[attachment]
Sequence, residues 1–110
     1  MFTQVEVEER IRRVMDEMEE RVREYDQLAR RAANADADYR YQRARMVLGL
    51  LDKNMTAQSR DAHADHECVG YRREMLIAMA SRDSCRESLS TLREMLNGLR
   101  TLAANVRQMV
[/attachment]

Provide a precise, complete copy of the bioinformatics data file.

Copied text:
Sequence, residues 1–110
     1  MFTQVEVEER IRRVMDEMEE RVREYDQLAR RAANADADYR YQRARMVLGL
    51  LDKNMTAQSR DAHADHECVG YRREMLIAMA SRDSCRESLS TLREMLNGLR
   101  TLAANVRQMV